Change management manages change effectively, improves teamwork, increases work efficiency, and helps the organization solve any problems quickly and effectively while the organization changes. The benefits of change management run deep. It:
• Assesses the need and the impact of change, and helps managers develop proper plans so that change can be adequately handled.
• Reduces the time needed to implement a change.
• Improves cooperation and collaboration in your organization.
• Minimizes resistance to change.
• Aligns resources within the organization to support change.
• Makes the use of an effective communication strategy.
• Helps leaders respond to challenges more effectively and efficiently.
• Reduces the risks associated with change, as well as the disruptive aspects of the business.
• Reduces stress and anxiety that are associated with change.
• Ensures that productivity, morale, and efficiency are maintained or even increased.
• Helps in the routine running of your business during the change process.
• Supports staff and helps them understand and cope with the change process.
• Minimizes the possibility of failure.
• Manages the costs associated with change.

5 Barriers to Organizational Change

When changes are in the offing, barriers arise. That makes it hard and even impossible to implement change in the organization. Here are the five most common types of obstacles witnessed in organizations.

1. Individual barriers to change
People don’t like change – that is part of our human nature. That is because we perceive threats in our environment – including our work environment. According to Harvard Business Review, people tend to resist change because:
• Change is associated with loss of control over processes that might have built up over time.
• There is often a lot of uncertainty that people would like to avoid.
• Change would mean changes to work habits and routines.
• Change might be associated with a change in position and loss of power, which would mean a loss of face for those people.
• There will be concerns about the competence levels of individual employees and if they can cope in the new environment.
• Change might mean more work – especially during the transition period.
• Change causes a ripple effect that affects other departments and customers as well.
• Change can bring up feelings of past resentments for the person who is responsible for it.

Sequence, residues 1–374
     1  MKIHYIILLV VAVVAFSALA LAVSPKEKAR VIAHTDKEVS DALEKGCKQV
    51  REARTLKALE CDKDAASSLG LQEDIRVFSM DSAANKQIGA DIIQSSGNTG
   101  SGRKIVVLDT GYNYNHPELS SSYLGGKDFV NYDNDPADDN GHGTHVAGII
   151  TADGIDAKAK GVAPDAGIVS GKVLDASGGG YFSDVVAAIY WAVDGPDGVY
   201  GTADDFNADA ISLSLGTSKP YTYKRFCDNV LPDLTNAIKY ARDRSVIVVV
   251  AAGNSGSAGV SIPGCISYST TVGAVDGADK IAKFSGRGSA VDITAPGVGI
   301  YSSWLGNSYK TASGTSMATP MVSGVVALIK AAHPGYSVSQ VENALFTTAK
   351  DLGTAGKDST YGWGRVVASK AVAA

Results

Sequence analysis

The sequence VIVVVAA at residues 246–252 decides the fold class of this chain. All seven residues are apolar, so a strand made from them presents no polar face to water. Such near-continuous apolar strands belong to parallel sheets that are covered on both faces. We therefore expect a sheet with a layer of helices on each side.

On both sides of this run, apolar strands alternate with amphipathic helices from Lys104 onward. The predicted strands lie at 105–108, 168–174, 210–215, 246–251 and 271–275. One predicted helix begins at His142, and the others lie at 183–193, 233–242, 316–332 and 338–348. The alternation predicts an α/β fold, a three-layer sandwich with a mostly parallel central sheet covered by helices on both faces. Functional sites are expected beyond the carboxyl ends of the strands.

• Change involves risks – at an individual level and team level and could affect one’s livelihood and happiness.

2. Broken or lack of communication
Some organizations lack effective communication strategies. While this is very bad on a daily basis, it is especially disastrous during the change process. Leaders are under the false notion that once changes are implemented, employees will blindly follow and adjust to those changes. But the truth is that this only leads to resistance to change.

Another problem is when the C-suite makes decisions on changes, but these are not communicated at all (or not communicated clearly) to the lower levels.

The only way to overcome this barrier is for leaders to consider everyone involved in the change as a stakeholder. Communication must begin as early as possible – not after the planning and implementation of the changes. Everyone must be on the same page.

3. Lack of direction
While communication is necessary for successful change management, new problems and hurdles will arise if the communication lacks a cohesive message and direction.

Direction includes having clearly defined goals, measurable objectives, a timeline, regular benchmarks, and communication that has everyone on the same page.

Without this kind of direction, the organization will simply reach another roadblock in its endeavor to introduce change.

4. Ineffective leadership
Leaders who impose change within the organization or team rather than approaching change systematically and methodically are viewed as insensitive leaders. Any type of organizational change is successful only if it is backed by, supported, and sponsored by the people at the top. When the organization’s leaders are not active or visible throughout the change process, employees will hesitate to take part in that change.